Z = np.diag([1., -1])
Z
```

```
Out[74]:
```

```
array([[ 1., 0.],
[ 0., -1.]])
```

```
In [75]:
```

```
h = np.kron(Z, Z)
h
```

```
Out[75]:
```

```
array([[ 1., 0., 0., 0.],
[ 0., -1., 0., -0.],
[ 0., 0., -1., -0.],
[ 0., -0., -0., 1.]])
```

First, we have to convert the local term `h`

to an MPO:

```
In [76]:
```

```
h_arr = h.reshape((2, 2, 2, 2))
h_mpo = mp.MPArray.from_array_global(h_arr, ndims=2)
h_mpo.ranks
```

```
Out[76]:
```

```
(4,)
```

h_mpo has rank 4 even though h is a tensor product. This is far from
optimal. We improve things as follows: (We could also compress
`h_mpo`

.)

```
In [77]:
```

```
h_mpo = mp.MPArray.from_kron([Z, Z])
h_mpo.ranks
```

```
Out[77]:
```

```
(1,)
```

The most simple way is to implement the formula from above with MPOs: First we compute the \(h_{i, i+1}\) from the \(h'_{i, i+1}\):

```
In [78]:
```

```
width = 2
sites = 6
local_terms = []
for startpos in range(sites - width + 1):
left = [mp.MPArray.from_kron([idm] * startpos)] if startpos > 0 else []
right = [mp.MPArray.from_kron([idm] * (sites - width - startpos))] \
if sites - width - startpos > 0 else []
h_at_startpos = mp.chain(left + [h_mpo] + right)
local_terms.append(h_at_startpos)
local_terms
```

```
Out[78]:
```

```
[<mpnum.mparray.MPArray at 0x7f6563b08588>,
<mpnum.mparray.MPArray at 0x7f6563b084e0>,
<mpnum.mparray.MPArray at 0x7f6563b086a0>,
<mpnum.mparray.MPArray at 0x7f6563b08710>,
<mpnum.mparray.MPArray at 0x7f6563b08630>]
```

Next, we compute the sum of all the local terms and check the bond dimension of the result:

```
In [79]:
```

```
H = local_terms[0]
for local_term in local_terms[1:]:
H += local_term
H.ranks
```

```
Out[79]:
```

```
(5, 5, 5, 5, 5)
```

The ranks are explained by the ranks of the local terms:

```
In [80]:
```

```
[local_term.ranks for local_term in local_terms]
```

```
Out[80]:
```

```
[(1, 1, 1, 1, 1),
(1, 1, 1, 1, 1),
(1, 1, 1, 1, 1),
(1, 1, 1, 1, 1),
(1, 1, 1, 1, 1)]
```

We just have to add the ranks at each position.

`mpnum`

provides a function which constructs `H`

from `h_mpo`

,
with an output MPO with smaller rank by taking into account the trivial
action on some sites:

```
In [81]:
```

```
H2 = mp.local_sum([h_mpo] * (sites - width + 1))
H2.ranks
```

```
Out[81]:
```

```
(2, 3, 3, 3, 2)
```

Without additional arguments, `mp.local_sum()`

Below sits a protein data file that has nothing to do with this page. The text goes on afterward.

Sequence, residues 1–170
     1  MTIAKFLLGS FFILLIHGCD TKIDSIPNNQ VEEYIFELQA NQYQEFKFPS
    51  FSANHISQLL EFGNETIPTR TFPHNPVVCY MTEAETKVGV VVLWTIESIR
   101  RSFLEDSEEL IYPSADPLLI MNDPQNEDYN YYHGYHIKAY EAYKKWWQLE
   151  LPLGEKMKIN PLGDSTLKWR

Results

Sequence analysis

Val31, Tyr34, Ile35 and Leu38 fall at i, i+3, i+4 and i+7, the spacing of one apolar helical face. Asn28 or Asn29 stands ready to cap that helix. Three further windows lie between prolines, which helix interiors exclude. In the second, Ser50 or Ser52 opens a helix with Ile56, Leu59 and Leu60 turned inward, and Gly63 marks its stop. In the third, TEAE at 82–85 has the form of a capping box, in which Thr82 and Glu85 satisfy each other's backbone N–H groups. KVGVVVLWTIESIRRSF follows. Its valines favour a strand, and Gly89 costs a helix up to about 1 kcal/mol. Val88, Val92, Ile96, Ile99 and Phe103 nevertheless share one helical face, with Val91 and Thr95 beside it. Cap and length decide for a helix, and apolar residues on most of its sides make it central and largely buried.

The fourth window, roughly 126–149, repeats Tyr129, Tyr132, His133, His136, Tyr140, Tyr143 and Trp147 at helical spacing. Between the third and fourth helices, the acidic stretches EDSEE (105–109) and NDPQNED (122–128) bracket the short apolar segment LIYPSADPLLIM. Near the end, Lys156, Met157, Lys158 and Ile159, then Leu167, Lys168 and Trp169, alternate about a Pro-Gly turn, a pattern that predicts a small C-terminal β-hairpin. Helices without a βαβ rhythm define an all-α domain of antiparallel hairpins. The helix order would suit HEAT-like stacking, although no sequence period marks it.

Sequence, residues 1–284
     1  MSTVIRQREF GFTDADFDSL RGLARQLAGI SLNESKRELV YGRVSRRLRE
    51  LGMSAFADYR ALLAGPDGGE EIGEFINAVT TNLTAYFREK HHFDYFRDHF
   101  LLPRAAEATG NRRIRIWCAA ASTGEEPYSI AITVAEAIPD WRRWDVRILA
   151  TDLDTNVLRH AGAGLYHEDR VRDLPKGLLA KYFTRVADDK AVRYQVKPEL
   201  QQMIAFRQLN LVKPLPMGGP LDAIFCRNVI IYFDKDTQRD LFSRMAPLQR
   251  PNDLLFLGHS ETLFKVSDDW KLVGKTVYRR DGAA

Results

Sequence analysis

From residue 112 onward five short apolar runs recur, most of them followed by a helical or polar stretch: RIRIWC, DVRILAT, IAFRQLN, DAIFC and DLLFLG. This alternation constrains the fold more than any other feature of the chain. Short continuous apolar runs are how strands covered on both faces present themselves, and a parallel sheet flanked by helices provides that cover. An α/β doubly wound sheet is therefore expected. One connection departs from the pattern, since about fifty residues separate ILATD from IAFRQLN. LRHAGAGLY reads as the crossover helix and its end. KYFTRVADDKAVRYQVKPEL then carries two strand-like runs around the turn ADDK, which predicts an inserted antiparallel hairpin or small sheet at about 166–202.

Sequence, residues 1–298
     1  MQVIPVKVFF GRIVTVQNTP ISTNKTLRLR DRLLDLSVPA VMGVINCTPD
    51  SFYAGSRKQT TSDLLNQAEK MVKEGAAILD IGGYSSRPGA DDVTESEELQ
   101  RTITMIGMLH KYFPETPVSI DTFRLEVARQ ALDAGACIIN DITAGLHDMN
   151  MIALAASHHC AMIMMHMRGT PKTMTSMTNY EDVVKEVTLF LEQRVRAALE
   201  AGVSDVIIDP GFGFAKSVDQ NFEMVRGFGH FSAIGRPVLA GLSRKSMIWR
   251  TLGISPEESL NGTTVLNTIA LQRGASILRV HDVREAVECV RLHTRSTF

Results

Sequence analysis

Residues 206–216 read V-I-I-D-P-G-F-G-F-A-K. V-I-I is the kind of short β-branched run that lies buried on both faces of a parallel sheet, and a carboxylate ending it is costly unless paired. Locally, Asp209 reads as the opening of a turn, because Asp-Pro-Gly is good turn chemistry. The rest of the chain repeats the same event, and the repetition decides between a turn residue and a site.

just adds the local
terms with the first term starting on site 0, the second on site 1 and
so on. In addition, the length of the chain is chosen such that the last
site of the chain coincides with the last site of the last local term.
Other constructions can be obtained by prodividing additional arguments.

We can check that the two Hamiltonians are equal:

```
In [82]:
```

```
mp.normdist(H, H2)
```

```
Out[82]:
```

```
6.4354640488548389e-15
```

Of course, this means that we could just compress `H`

:

```
In [83]:
```

```
H_comp, overlap = H.compression(method='svd', rank=3)
overlap / mp.norm(H)**2
```

```
Out[83]:
```

```
0.99999999999999889
```

```
In [84]:
```

```
H_comp.ranks
```

```
Out[84]:
```

```
(3, 3, 3, 3, 3)
```

We can also check the minimal bond dimension which can be achieved with SVD compression with small error:

```
In [85]:
```

```
H_comp, overlap = H.compression(method='svd', relerr=1e-6)
overlap / mp.norm(H)**2
```

```
Out[85]:
```

```
0.99999999999999933
```

```
In [86]:
```

```
H_comp.ranks
```

```
Out[86]:
```

```
(2, 3, 3, 3, 2)
```

## MPS, MPOs and PMPS¶

We can represent vectors (e.g. pure quantum states) as MPS, we can represent arbitrary matrices as MPO and we can represent positive semidefinite matrices as purifying matrix product states (PMPS). For mixed quantum states, we can thus choose between the MPO and PMPS representations.

As mentioned in the introduction, MPS and MPOs are handled as MPAs with one and two physical legs per site. In addition, PMPS are handled as MPAs with two physical legs per site, where the first leg is the “system” site and the second leg is the corresponding “ancilla” site.

From MPS and PMPS representations, we can easily obtain MPO
representations. `mpnum`

provides routines for this:

```
In [87]:
```

```
mps = mp.random_mpa(sites=5, ldim=2, rank=3, normalized=True)
mps_mpo = mp.mps_to_mpo(mps)
mps_mpo.ranks
```

```
Out[87]:
```

```
(4, 9, 9, 4)
```

As expected, the rank of `mps_mpo`

is the square of the rank of
`mps`

.

Now we create a PMPS with system site dimension 2 and ancilla site dimension 3:

```
In [88]:
```

```
pmps = mp.random_mpa(sites=5, ldim=(2, 3), rank=3, normalized=True)
pmps.shape
```

```
Out[88]:
```

```
((2, 3), (2, 3), (2, 3), (2, 3), (2, 3))
```

```
In [89]:
```

```
pmps_mpo = mp.pmps_to_mpo(pmps)
pmps_mpo.ranks
```

```
Out[89]:
```

```
(9, 9, 9, 9)
```

Again, the rank is squared, as expected. We can verify that the first
physical leg of each site of `pmps`

is indeed the system site by
checking the shape of `pmps_mpo`

:

```
In [90]:
```

```
pmps_mpo.shape
```

```
Out[90]:
```

```
((2, 2), (2, 2), (2, 2), (2, 2), (2, 2))
```

## Local reduced states¶

For state tomography applications, we frequently need the local reduced states of an MPS, MPO or PMPS. We provide the following functions for this task:

`mp.reductions_mps_as_pmps()`

: Input: MPS, output: local reductions as PMPS`mp.reductions_mps_as_mpo()`

: Input: MPS, output: local reductions as MPO`mp.reductions_pmps()`

: Input: PMPS, output: Local reductions as PMPS`mp.reductions_mpo()`

: Input: MPO, output: Local reductions as MPO

The arguments of all functions are similar, e.g.:

```
In [91]:
```

```
width = 3
startsites = range(len(pmps) - width + 1)
for startsite, red in zip(startsites, mp.reductions_pmps(pmps, width, startsites)):
print('Reduction starting on site', startsite)
print('bdims:', red.ranks)
red_mpo = mp.pmps_to_mpo(red)
print('trace:', mp.trace(red_mpo))
print()
```

```
Reduction starting on site 0
bdims: (3, 3)
trace: 1.0
Reduction starting on site 1
bdims: (3, 3)
trace: 1.0
Reduction starting on site 2
bdims: (3, 3)
trace: 1.0
```

Because `pmps`

was a normalized state, the trace of the reduced states
is close to 1.

You can omit the `startsites`

argument: The default behaviour is the
first reductions starting on site 0, the second on site 1, and so on
(which is just what we have requested). The functions for reduced states
can also compute different constructions by providing different
arguments not described here.